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Brian P. Murphy, Patrick Pearse and the Lost Republican Ideal (Dublin: James Duffy 1992), writes ‘the group which argued most firmly and consistently for the ideals of Easter Week and the Republic was that associated with Count Plunkett, Cathal Brugha, Father O’Flanagan, and J. J. O’Kelly - not the groupings which rallied around de Valera, Collins, or Griffith’.

Declan Kiberd, Inventing Ireland (London: Jonathan Cape 1995), includes quotations: ‘Empires do not permit the intense cultivation of human life ... they destroy the richness and variety of existence by the extinction of personal and unique gifts’ (AE, in Literary Ideals in Ireland, ed. John Eglinton, London 1899, p.11; Kiberd, p.157); ‘[Empire destroys native culture effecting] the substitution of a culture which has value mainly for the people who created it, but is as alien to our race as the mood of the scientist is to the artist or poet.’ (Thoughts for A Convention, p.71; Kiberd, p.198); ‘What was in Patrick Pearse’s soul when he fought in Easter Week but an imagination, and the chief imagination which inspired him was that of a hero who stood against a host ... I who knew how deep was Pearse’s love for the Cuchulain whom O’Grady had discovered or invented, remembered Easter Week that he had been solitary against a great host in imagination with Cuchulain, long before circumstance permitted him to stand for his nation with so few companions against so great a power.’ (AE, The Living Torch, ed. Gibbon, pp.134-44; Kiberd, p.196-97).

Terence Brown, W. B. Yeats: A Critical Biography (Dublin: Gill & Macmillan 1999): ‘He had a fluent, facile style with the brush but (much more significantly for Yeats) he painted the visions which rose up before him like emanations from some alternative reality. Russell was one of those people (William Blake … was another) who have what can only be described as the capacity for waking dreams. He truly “saw” the mythological personages, angelic or fairy folk, who appeared before him as in some mysterious tableau. For Yeats, who was beginning to revolt against his father’s materialism and the realistic Rembrandt-inspired art he had turned to after his Pre-Raphaelite phase, Russell was like a messenger sent to set him on a true path. He was a godsend to a dreamy youth who was beginning to make poetry, not painting, his avocation.’ (p.28.)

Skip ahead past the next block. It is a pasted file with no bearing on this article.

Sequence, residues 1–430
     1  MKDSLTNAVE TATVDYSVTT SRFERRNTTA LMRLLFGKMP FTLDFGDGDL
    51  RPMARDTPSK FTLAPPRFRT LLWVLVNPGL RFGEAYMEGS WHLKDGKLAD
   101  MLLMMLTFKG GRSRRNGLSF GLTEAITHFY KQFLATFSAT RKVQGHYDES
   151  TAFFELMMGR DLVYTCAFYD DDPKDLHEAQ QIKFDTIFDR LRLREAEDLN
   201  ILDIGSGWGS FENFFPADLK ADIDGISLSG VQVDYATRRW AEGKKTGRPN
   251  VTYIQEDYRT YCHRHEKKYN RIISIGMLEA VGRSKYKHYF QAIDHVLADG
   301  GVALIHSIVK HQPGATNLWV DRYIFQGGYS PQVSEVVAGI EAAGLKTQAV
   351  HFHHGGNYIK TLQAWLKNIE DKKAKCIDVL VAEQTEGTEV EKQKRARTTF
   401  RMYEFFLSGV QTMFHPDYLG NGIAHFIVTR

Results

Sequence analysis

Nicholas Allen, ‘Free Statement: Censorship and the Irish Statesman’, in Last Before America : Irish and American Writing: Essays in Honour of Michael Allen, ed. Fran Brearton & Eamonn Hughes (Belfast: Blackstaff Press 2001): ‘The loss of administrative support for a proposed literary academy [IAL] signified [85] more than a lack of government imagination. A split between political and aesthetic considerations in the practice of independent statehood was, to Russell, a disaster. By robbing his voice of authority, the state left a void to be filled by the clamour of an under-educated mob. His detractors' general lack of cultivation made them amenable to subversion and the effects of political manipulation. In rhetoric reminiscent of that used against Republicans during the Civil War, and in line with his reactionary mistrust of democracy's capacity for self-regulation and reliance on popular authority, Russell asserted his position by stressing that the study of literature was a professional practice, open only to its initiates. His opponents were accordingly a “group of fanatics incapable of exercising a critical spirit about literature and shouting vociferously about books whose purpose they are incapable of understanding”. (‘A Censorship over Literature’, in Irish Homstead, 7, 23, 12 Feb. 1927, p.543.) / Russell’s ability to use the Irish Statesman as a forum in which to criticise government policy is symbolic of the institutional influence at his command. Far from being the isolated and unread voice of intellectual opinion, the Irish Statesman was an instrument of cultivated judgement, enjoying an educated and well-connected readership. Even if there were doubts as to the devotion of the journal's readers, the list of benefactors to the Irish Statesman in 1929 is a formidable collection of Free State luminaries. Russell’s political orthodoxy rested on his belief that cultural institutions could influence state development. Intellectuals were guardians of the national faith and any attack made on their integrity was equally an attack on the nation. To Russell the equation was simple, if arcane: “Let beauty fade [...] the nation would be corrupt or dead.” (‘Art and National Life’, Irish Statesman, 10, 12, 21 May 1928, pp.226-27; see full version under Quotations, infra.) / Russell’s appeal was made to a government well aware of the propaganda value of Ireland's literature to the state's international status. The institutions that Russell lists in the above passage are “agencies” able to popularise concepts of Irish political identity. Indeed organisations like the Abbey Theatre were important enough to the function of the Free State to receive official financial patronage. A Cumann na nGaedheal government that [87] included such able media manipulators as Desmond Fitzgerald could not be slow to realise the damage that a rebellion by Irish writers might cause.’ (pp.85-87.) [Cont.]